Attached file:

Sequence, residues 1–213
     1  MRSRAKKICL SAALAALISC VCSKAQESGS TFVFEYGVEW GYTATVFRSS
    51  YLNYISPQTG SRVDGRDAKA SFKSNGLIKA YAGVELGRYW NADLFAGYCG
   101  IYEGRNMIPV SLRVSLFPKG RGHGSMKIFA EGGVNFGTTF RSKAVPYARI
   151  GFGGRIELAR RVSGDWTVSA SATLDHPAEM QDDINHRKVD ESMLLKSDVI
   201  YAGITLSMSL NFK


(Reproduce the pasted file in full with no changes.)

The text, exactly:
Sequence, residues 1–213
     1  MRSRAKKICL SAALAALISC VCSKAQESGS TFVFEYGVEW GYTATVFRSS
    51  YLNYISPQTG SRVDGRDAKA SFKSNGLIKA YAGVELGRYW NADLFAGYCG
   101  IYEGRNMIPV SLRVSLFPKG RGHGSMKIFA EGGVNFGTTF RSKAVPYARI
   151  GFGGRIELAR RVSGDWTVSA SATLDHPAEM QDDINHRKVD ESMLLKSDVI
   201  YAGITLSMSL NFK